■ Unable to disregard prior information even if it wrong

● IQ test measures g -> g is the overall intellectual ability

○ Gardner’s Theory - multiple intelligences (*hard to limit)

● Memory

○ Short term can hold 5-9 items (Miller’s magic number)

■ Increase by chunking

○ Processes of long term:

■ Encode -> store -> retrieve

○ State-Dependent - environment influences memory

■ Drunk remembers drunk memories, study in the classroom where you take the exam, learn & recall on land or in water

■ Contextual information becomes part of your schema

○ Memory issues:

■ Disorganization- somewhere in storage but can’t recall

■ Interference- never encoded right due to cognitive load

■ Decay- encoded but no longer in storage

■ Insufficient priming- not enough activation to recall

■ Retrograde amnesia- can’t remember prior to memory loss

■ Anterograde amnesia- can’t produce new memories

○ Elaborative rehearsal -connecting schemas through associations Methods

● Scientific

○ Hypothesis - specific prediction for variables in a study

● Operationalization

○ Convergence - conceptual replications (same construct, different method) ● Meta-Analysis

○ Compare published and unpublished data If you want to learn more check out Who are the members of a construction team?

● Validity - construct, internal, external, statistical conclusion

● Research Design

○ Correlation - correlation ≠ causation

● Experiments Don't forget about the age old question of What is the chemical symbol?

○ Random assignment is key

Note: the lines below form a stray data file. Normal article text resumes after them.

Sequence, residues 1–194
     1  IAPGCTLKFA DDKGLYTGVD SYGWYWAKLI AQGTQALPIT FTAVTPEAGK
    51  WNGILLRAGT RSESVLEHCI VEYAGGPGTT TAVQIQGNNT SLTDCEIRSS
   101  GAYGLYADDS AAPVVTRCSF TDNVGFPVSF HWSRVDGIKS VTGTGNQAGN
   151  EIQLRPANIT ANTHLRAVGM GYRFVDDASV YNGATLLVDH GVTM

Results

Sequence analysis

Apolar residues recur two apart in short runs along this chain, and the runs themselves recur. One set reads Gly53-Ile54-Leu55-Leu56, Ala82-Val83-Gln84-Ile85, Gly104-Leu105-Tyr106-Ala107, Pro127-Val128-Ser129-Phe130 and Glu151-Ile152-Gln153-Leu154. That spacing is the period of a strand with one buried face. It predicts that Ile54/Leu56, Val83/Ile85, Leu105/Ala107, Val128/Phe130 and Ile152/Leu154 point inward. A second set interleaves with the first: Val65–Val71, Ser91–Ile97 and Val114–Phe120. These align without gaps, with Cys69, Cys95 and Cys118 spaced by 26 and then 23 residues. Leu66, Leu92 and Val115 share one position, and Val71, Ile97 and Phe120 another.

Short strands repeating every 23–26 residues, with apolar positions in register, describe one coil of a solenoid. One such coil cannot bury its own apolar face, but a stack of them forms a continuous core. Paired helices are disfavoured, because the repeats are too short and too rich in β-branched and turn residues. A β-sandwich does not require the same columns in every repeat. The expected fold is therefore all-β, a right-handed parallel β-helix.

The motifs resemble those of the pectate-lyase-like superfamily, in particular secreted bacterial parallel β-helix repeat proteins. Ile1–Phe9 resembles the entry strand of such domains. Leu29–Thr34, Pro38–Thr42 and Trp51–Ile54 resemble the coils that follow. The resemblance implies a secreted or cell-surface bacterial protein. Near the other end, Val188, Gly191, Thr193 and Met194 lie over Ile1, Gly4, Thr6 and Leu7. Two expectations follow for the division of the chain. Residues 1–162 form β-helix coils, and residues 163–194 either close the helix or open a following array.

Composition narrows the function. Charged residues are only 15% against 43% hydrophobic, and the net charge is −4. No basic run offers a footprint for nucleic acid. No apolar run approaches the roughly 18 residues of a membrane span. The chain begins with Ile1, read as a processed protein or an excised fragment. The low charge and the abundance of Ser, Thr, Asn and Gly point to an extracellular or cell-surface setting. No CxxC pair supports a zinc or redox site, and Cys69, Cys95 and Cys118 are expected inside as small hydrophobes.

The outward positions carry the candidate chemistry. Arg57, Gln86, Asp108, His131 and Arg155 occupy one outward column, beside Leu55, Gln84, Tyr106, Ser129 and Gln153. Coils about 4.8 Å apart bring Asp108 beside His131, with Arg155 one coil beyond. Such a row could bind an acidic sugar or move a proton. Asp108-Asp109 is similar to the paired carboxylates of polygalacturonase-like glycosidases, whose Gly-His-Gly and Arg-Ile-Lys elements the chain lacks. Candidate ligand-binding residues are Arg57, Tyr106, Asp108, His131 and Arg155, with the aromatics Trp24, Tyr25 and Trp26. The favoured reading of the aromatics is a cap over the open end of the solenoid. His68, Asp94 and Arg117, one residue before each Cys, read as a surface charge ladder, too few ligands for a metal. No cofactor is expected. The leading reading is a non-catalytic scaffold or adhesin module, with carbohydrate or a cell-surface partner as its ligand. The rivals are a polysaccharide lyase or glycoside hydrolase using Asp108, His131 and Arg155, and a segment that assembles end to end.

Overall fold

○ Sampling = selection of participants

○ Assignment = experimental conditions

○ Need at least 1 control group (not affected by the stimulus)

● Why study might fail:

○ Original study wrong

○ Replication study wrong

● Psychological science

○ Probabilistic not deterministic


● Classical Conditioning

○ Pavlov - conditioned dogs to salivate

■ Used metronome -> bell

○ Garcia Effect - only for Taste

■ Eat something -> get sick -> aversion to that food

○ Placebo Effect

■ biological conditioning - association b/w drug and physical effect

○ Stimulus generalization

■ Little Albert generalized small animals & white object

○ Stimulus Discrimination

■ Differentiating b/w stimulus

● Eliminating Associations

○ Habituation - repeated exposure; flooding

■ Ex: someone goes on a plane who is scared of heights

○ Systematic desensitization - exposure to a range of related stimuli ■ Ex: slowly exposing lady to clown objects

○ Counter-conditioning - replace undesired response by replacing stimulus ■ Ex: getting a dog to like the vacuum

■ Aversion does opposite

● Operant Conditioning

○ Punishers (discourages) & Reinforcers (encourages)

■ Primary- naturally want/ avoid

■ Secondary- learned to avoid

■ Positive- adding a new stimulus

■ Negative- removes a stimulus

● Schedule of Reinforcement

○ Continuous- every single time behavior occurs


○ Fixed ratio- every n occurrence (after 3 crimes)

○ Fixed interval- exact time frame (after 5 years)

○ Variable ratio- an unpredicted number of occurrences (slots) ○ Variable interval- an unpredicted amount of time (pop quiz)

● Other Types of Learning

○ Insight: sudden understanding of a solution to a problem

■ Trial & error -> pause & reflect -> sudden inspiration

● Latent learning

○ Observational learning

■ Mimicry, role models, Bandura’s doll study

● Doll study = kids more aggressive when adults aggressive

● Motivation

○ Extrinsic ->Reinforcements & punishments

○ Intrinsic -> value in the activity

○ Overjustification

■ Less interested when you have to do it in order to reach a goal ○ Self-determination

■ Intrinsic motivation

■ Interests that one grows in knowledge and skills